Although Open Enrollment might have ended for you, it does not mean that you’re entirely out of the time. The annual disenrollment period exists for seniors who want to leave their Part D and/or Medicare Advantage plans.
Even though it might confuse you that the period for open enrollment just ended, you are allowed to leave Part C and/or D entirely during the disenrollment period. Talking of the open enrollment period, it lets beneficiaries change carriers & plans once every 12 months. The person is also eligible to leave the plan within the open enrollment period, however, the 1st of Jan through the 14th of Feb allows you a second opportunity to leave Part C or Part D Medicare Plan.
There are 3 scenarios where an individual can switch: The first one is for people with an Advantage plan which features a drug coverage. These people have the option to buy a stand-alone Part D coverage or simply wing it with the basic Medicare (not recommended). The latter is for people with the private fee for the service plan (excluding the coverage for prescription drugs). In case this is you, sadly you will not be able to buy Part D until the next October, but you can definitely go back to the basic Medicare. Now, assume you’ve purchased just the Part D policy. Like mentioned above, you won’t be eligible for switching plans or companies until the following year, but, you could end in Part D if required. Thus, you will be able to dis-enroll from Medicare Part C & D for switching back to the basic Medicare.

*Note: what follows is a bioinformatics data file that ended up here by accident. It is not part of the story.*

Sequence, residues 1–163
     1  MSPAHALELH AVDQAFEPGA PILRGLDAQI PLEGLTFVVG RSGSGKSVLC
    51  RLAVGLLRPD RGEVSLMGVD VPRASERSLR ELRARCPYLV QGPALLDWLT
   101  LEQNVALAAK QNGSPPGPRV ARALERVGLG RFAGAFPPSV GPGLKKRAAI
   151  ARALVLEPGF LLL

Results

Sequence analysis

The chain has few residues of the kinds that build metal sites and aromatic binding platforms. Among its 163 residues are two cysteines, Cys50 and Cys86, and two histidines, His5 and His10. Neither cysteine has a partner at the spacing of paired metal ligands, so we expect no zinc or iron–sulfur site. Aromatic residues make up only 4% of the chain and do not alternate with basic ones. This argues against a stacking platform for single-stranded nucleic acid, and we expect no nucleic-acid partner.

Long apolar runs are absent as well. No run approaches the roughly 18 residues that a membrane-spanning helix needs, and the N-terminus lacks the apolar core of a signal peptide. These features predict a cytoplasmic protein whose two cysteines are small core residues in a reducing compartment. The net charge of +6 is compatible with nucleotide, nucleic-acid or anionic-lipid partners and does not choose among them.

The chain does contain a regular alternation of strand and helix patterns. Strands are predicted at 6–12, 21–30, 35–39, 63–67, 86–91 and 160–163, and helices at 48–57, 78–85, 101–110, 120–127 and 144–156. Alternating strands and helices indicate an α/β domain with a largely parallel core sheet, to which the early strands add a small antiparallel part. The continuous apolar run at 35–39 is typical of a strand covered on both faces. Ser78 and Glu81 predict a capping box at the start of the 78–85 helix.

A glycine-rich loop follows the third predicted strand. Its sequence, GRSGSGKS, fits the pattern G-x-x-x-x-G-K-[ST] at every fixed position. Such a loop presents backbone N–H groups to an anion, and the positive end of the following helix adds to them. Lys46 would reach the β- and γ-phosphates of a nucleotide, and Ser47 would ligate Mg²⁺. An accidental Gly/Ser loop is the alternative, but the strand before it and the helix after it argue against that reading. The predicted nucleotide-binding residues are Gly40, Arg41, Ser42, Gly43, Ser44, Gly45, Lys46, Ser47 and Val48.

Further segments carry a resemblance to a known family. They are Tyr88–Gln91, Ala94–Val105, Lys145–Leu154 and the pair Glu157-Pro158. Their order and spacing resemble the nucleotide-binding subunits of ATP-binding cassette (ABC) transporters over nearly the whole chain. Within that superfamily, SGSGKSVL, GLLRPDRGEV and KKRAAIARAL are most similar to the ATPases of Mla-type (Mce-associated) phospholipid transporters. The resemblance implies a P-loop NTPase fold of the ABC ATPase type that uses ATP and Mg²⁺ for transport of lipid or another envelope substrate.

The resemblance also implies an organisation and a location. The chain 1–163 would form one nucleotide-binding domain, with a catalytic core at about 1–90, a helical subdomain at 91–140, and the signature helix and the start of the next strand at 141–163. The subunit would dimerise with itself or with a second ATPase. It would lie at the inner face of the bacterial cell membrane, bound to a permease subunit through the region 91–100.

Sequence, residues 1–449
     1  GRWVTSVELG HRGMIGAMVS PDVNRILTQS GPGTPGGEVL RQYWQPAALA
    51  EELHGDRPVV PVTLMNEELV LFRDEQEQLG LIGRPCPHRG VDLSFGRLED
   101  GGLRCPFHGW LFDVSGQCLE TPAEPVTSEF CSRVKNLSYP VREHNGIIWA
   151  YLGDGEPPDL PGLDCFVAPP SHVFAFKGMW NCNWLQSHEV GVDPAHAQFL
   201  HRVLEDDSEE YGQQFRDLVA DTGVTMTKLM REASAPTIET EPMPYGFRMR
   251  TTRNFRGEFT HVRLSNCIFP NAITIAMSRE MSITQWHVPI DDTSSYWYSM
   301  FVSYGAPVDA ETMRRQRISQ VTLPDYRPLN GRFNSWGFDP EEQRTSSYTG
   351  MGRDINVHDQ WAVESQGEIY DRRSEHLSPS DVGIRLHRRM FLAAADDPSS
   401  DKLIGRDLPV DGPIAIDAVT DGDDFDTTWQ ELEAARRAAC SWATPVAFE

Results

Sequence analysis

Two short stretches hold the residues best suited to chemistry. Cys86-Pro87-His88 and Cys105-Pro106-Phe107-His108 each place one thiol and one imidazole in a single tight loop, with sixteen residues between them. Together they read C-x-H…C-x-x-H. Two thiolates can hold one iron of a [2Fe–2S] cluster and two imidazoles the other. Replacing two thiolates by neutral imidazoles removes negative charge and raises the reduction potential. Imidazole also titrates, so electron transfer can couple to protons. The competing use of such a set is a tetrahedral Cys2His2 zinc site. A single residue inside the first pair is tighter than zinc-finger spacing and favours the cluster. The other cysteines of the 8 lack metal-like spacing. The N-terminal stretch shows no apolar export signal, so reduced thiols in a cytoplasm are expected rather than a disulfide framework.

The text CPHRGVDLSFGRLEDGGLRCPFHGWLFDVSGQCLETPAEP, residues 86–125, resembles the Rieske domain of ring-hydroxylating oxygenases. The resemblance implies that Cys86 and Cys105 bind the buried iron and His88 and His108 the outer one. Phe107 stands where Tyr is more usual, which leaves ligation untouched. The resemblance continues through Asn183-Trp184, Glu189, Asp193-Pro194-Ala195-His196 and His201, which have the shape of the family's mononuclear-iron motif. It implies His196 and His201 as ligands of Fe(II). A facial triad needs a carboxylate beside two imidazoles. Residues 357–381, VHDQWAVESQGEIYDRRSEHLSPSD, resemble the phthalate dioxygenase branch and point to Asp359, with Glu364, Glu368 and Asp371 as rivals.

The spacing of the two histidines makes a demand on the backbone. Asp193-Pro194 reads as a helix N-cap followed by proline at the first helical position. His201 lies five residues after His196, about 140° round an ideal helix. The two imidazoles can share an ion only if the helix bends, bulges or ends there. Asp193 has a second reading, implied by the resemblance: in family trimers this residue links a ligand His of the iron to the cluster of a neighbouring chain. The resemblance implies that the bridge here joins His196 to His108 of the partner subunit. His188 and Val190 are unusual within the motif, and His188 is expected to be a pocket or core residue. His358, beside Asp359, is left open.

Find out more at https://www.medicareadvantageplans2019.org
Some might ask, what happens after the disenrollment? The good news is, you can either stay with your initial Medicare or act wise and get a Medicare Advantage Plan. However, before you disenroll, ensure you are eligible medically for this plan.
In case you already have a advantageal plan and would like to change your carrier or plan, you do not have to wait for any specific period since the advantageal plan is very flexible. Meaning you are able to switch at the date of your choice.
Part C and Part D are the only advantage plans which have some restrictions. In case you no longer wish to pay for the unexpected rise in the cost of Medicare Advantage, it’s best to make a switch to the advantage plan!